Dry Skin FAQs
Reviewed by Melissa Conrad Stöppler, MD
Take the Dry Skin Quiz First! Before reading this FAQ, challenge yourself and
Test your Knowledge!
Q:Most cases of dry skin are caused by disease or infection. True or False?
A:False. Skin is the body's largest organ and is protected by natural oils that keep it soft while retaining moisture. While some cases of dry skin are related to diseases of the liver and diabetes, most cases of dry skin are caused by external and environmental factors that strip the skin's protective barrier. Some serious diseases can cause dry skin, but most people who have dry skin are perfectly healthy!
Q:What is the best way to treat dry skin?
A:Moisturize, Take shorter showers and baths and Avoid scented soaps. There are many causes of dry skin, including harsh soaps, environmental factors such as cold weather and dry heat, and prolonged exposure to water such as swimming, showers, and baths. No matter what the case may be, the best way to treat dry skin at home is to be nice to your skin! The best home remedies for dry skin include the following: moisturizing; taking cooler, shorter showers and baths, and skipping scented soaps and shower gels.
Q:What is a good substitute if skin cream or ointment is not available?
A:Cooking oil. Believe it or not, if skin cream or lotions are not available to you, cooking oils and shortening can work just as well as commercial moisturizers. Not only are they virtually scentless, they are less expensive, readily available, and ultra-moisturizing.
Q:What is the main symptom of dry skin?
A:Itching. The most noticeable and annoying symptom of dry skin is itching. Itchiness may worsen as skin becomes drier, leading to the "itch-scratch" cycle. The itch-scratch cycle is best described as itchiness relieved by scratching that causes greater itchiness and scratching.
Q:What is the most common area of dry skin?
A:Legs. In addition to the legs, dry skin commonly affects the hands and forearms. The legs, hands, and forearms are the most common sites of dry skin. Of course, dry skin can appear anywhere on the body.
Q:Certain types of dry skin are genetic conditions or disorders. True or False?
A:True. Ichthyosis is a genetic condition that causes dry skin. While there are many types of ichthyosis, the most common type is called ichthyosis vulgaris (also called fish scale syndrome). With ichthyosis vulgaris, skin on the shins is severely dry and appears similar to fishlike scales. Dry skin is also commonly seen in people with atopic dermatitis, which is also thought to be genetically related.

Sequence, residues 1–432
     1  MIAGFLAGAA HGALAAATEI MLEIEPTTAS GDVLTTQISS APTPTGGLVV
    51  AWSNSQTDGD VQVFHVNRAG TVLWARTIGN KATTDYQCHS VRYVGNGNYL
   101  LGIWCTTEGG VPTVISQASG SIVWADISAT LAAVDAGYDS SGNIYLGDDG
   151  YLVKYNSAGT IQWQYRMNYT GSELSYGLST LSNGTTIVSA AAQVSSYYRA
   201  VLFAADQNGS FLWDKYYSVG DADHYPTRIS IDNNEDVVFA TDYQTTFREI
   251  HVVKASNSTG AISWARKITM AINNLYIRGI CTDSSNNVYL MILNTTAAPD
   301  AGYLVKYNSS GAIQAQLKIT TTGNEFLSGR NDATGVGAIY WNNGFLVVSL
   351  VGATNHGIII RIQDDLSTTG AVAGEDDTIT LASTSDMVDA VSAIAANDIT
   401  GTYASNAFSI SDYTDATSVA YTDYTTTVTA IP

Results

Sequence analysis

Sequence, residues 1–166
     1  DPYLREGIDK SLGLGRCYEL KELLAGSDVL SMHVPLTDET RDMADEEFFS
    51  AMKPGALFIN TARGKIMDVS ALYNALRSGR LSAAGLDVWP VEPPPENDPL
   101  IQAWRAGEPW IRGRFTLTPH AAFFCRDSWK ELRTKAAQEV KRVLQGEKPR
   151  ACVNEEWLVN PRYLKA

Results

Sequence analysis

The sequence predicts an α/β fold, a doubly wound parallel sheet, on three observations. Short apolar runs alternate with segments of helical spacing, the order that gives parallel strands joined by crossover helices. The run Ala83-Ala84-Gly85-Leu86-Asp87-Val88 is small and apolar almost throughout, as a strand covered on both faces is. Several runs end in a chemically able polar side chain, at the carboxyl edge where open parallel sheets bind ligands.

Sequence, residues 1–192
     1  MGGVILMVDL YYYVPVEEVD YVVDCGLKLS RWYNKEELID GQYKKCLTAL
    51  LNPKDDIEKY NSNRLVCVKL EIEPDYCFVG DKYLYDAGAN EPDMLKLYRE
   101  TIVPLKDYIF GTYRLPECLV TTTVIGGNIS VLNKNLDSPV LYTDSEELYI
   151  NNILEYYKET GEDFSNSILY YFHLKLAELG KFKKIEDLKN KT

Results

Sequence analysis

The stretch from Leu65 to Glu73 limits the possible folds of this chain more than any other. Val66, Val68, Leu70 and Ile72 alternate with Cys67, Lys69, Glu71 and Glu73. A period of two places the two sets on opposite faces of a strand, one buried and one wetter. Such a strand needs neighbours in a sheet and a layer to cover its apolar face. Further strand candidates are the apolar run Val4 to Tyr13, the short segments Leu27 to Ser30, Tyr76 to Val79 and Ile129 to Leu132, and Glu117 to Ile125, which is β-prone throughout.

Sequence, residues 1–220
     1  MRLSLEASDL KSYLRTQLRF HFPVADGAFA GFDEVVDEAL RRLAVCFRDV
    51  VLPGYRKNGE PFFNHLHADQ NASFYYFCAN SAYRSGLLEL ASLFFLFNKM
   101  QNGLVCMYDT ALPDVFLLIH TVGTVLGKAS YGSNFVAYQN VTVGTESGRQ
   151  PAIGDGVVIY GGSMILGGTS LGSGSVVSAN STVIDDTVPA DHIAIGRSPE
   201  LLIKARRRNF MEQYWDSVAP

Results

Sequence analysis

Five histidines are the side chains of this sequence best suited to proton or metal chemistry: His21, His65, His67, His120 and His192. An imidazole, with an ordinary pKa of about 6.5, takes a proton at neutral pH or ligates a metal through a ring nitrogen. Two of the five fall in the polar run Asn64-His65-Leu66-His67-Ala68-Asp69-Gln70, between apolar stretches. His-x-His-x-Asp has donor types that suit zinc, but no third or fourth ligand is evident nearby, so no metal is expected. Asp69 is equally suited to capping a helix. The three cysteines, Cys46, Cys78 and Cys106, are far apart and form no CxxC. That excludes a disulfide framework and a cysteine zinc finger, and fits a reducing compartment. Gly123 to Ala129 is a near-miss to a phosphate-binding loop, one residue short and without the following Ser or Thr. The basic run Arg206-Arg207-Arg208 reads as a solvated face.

Q:Certain medications can cause dry skin. True or False?
A:True. Medications can cause dry skin. Diuretics prescribed for high blood pressure, antihistamines prescribed for allergies, and retinoids prescribed for acne are all examples of medications that may dry out the skin.
Q:After cleansing, how should your skin feel?
A:Soft. You might want to use a gentle facial cleanser with added moisturizers, especially if you have dry skin on your face. After cleansing, your skin should feel soft, smooth, and healthy. If your skin feels dry, tight, inflamed, or at all irritated after cleansing, try a different facial cleanser.
Q:The best way to clean oil, dirt, and dead skin from the face is to use a gentle cleanser and what else?
A:Your hands. If you have dry skin on your face, forget scrubbing. Friction from cleansing tools causes rubbing, and scrubbing can irritate and inflame your skin. So, what is the best, gentlest tool for facial cleansing? Your very own hands! Wash the skin on your face as gently as you would wash the skin on a baby.
Q:What is the medical term for dry skin?
A:Xeroderma. Xeroderma is the medical term for dry skin.
Q:Severely dry skin that is visible with the naked eye is said to be what in appearance?
A:Ashy. Dry skin is often felt more than it's seen, but on some people, it can be noticeable and embarrassing. For people with olive to dark brown skin, dry skin is a special concern, since the flakes of skin can look gray, or "ashy," says Vesna Petronic-Rosic, MD, assistant professor of medicine and director of the Dermatology Outpatient Clinic at the University of Chicago Medical School.
Q:A good moisturizer for very dry skin should be runny or drippy in texture. True or False?
A:False. Lotions, moisturizers, or emollients that run or drip are simply not thick enough to provide relief for dry skin. A good moisturizer should be thick in texture, and should provide a smooth, continuous application, and should feel soothing to the area applied.
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